Sunday, January 24, 2010

Fiddlehead ferns

Time for something green. Have you ever eaten a fiddlehead fern? I haven't, but my Mom and sister ate them in a salad in Connecticut several years ago. My sister reports:
"It might have been in Litchfield....I like them a lot, but mostly because they are so cool-looking. The only thing is their tightly curled shape sometimes harbors bugs or worms. Thinking that I might encounter one or the other sort of kills the joy of eating them for me."
No one on the web mentions encountering insects, although Wikipedia has a short list of possible health effects.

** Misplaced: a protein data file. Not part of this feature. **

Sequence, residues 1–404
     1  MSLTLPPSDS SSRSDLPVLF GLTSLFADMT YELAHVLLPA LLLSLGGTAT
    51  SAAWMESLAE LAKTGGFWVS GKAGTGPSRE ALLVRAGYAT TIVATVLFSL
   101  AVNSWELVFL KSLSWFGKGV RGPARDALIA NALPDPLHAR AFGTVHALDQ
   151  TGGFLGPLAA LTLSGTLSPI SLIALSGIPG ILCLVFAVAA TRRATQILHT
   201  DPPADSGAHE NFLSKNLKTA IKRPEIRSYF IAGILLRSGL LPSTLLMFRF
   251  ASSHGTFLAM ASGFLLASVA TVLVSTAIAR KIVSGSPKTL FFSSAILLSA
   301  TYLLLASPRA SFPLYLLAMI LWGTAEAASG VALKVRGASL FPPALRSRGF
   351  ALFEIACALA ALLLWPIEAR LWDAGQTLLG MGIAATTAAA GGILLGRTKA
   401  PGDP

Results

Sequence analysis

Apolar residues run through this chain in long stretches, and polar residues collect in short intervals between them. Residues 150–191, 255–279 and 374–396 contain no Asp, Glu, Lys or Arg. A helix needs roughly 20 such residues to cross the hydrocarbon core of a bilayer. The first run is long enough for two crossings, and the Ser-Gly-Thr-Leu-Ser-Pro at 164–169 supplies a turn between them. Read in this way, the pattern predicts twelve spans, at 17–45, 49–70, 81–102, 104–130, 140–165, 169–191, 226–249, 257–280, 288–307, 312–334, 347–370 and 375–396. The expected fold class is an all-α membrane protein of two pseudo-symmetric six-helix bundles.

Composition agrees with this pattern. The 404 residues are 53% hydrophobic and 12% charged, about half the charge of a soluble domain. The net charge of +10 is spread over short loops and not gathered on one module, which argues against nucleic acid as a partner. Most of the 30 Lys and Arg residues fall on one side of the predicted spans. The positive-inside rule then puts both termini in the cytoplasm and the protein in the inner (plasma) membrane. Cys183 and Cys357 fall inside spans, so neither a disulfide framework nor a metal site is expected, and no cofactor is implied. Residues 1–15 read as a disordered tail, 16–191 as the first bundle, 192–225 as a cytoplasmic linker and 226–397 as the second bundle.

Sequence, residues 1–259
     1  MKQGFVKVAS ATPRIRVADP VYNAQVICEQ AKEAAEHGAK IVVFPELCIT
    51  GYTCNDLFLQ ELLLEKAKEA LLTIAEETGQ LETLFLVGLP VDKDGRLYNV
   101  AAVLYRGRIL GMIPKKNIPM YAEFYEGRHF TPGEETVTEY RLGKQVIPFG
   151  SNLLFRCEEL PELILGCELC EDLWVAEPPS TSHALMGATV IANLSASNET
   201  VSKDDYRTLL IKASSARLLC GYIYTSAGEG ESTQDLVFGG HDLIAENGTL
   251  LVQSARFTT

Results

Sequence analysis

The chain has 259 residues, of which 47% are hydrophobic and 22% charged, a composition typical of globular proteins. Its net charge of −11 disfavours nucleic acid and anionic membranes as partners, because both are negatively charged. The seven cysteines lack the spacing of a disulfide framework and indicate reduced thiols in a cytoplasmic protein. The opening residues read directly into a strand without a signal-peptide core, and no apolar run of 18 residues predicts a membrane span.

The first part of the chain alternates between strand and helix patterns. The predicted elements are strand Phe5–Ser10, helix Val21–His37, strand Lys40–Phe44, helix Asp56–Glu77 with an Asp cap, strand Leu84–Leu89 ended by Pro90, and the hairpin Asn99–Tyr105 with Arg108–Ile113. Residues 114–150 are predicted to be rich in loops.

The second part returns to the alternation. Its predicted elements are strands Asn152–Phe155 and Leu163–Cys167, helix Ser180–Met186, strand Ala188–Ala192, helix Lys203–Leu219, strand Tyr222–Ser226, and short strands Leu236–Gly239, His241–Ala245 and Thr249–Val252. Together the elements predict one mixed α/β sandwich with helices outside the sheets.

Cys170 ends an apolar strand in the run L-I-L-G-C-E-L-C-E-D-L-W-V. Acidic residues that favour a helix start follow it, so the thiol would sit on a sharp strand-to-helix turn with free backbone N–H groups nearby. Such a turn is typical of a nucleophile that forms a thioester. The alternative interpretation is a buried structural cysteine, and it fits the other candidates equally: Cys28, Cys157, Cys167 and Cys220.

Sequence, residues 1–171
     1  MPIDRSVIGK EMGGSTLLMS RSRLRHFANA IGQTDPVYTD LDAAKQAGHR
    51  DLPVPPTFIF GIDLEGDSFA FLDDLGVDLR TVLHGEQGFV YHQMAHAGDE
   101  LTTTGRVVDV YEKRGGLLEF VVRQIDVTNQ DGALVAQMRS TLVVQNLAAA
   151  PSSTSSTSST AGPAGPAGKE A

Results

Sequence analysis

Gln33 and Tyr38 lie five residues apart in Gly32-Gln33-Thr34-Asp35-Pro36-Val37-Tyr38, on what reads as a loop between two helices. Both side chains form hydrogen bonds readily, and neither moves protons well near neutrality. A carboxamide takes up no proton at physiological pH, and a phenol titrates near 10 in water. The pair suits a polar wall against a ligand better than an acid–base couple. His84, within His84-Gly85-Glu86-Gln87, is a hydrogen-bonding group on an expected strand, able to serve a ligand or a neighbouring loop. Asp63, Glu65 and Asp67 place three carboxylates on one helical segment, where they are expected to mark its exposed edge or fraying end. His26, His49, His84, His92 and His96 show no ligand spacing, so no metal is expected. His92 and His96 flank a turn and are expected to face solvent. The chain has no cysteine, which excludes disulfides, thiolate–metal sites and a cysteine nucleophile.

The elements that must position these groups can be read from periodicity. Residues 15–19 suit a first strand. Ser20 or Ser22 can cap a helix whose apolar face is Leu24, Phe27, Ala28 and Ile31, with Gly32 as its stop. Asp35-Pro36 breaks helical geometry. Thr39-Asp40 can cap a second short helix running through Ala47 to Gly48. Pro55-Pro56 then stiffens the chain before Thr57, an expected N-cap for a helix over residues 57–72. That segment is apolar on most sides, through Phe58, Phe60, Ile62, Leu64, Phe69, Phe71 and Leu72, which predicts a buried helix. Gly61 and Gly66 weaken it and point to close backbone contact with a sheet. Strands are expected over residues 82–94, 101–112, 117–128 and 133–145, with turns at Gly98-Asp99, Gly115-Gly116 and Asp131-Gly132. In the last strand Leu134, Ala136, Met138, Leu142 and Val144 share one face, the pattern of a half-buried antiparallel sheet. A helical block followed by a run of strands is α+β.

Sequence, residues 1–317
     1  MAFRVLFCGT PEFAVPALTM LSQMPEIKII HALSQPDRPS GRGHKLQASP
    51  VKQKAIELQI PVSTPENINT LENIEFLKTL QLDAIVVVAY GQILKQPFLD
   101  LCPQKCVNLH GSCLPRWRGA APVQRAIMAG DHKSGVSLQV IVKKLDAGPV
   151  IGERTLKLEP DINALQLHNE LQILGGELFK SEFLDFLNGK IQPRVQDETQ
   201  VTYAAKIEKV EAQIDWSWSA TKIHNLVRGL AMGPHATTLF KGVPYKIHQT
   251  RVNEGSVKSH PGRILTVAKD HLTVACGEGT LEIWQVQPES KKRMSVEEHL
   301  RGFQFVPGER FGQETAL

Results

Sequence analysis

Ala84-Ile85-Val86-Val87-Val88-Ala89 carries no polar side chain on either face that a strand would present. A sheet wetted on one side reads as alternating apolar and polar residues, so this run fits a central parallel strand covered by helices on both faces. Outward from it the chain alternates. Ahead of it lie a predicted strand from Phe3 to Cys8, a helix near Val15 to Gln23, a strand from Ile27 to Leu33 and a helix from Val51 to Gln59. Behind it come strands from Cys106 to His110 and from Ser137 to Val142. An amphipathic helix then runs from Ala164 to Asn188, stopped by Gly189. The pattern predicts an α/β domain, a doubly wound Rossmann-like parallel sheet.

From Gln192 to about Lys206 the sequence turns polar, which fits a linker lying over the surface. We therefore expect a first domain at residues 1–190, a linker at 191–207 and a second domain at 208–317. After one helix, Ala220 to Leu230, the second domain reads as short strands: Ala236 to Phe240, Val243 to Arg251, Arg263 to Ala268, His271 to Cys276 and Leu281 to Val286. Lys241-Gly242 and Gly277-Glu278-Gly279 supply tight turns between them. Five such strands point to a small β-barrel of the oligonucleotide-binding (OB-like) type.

Fiddleheads are more than a novelty for many, who look forward to them each year because of their short growing season and because they are the first green vegetable to emerge in the early Spring. But don't expect a native New Englander to show you where to forage for them - their stands in the woods are closely guarded secrets! writes, "Tiny gray-green spirals reaching into the first really warm days of Spring. Each of them wearing their own little fur overcoat to protect them when it was chillier weather. Snapped up and eaten by whoever has the sense and taste to do it." The chef at a restaurant in Vermont knows where to find them and cooks them with duck confit in a pasta dish called "Duck and Fiddle." (The ferns got their name because they resemble the carved ornamentation, or scroll, on the neck of a violin.) You may be able to find some at your local gourmet market: a Canadian company in Port Colborne, Ontario, harvests and sells them to grocers fresh, frozen, or marinated and offers a whole list of recipes. The University of Maine offers tips on gathering and pickling this delicacy. Maine resident Charlie Burke also offers a recipe in the on-line magazine The Heart of New England and writes, "They have a delicious intense flavor which reminds me of the scent of woodland moss. Most describe it as resembling asparagus, but I think this is a reach. Cooked to crunchy tenderness, they are a flavorful and versatile treat. Most recipes call for blanching prior to final preparation, but I eliminate this step, preferring to sauté them directly." If we can find some at the store, we may have to serve them up as a side-dish with our not-yet-cooked squid-ink pasta!

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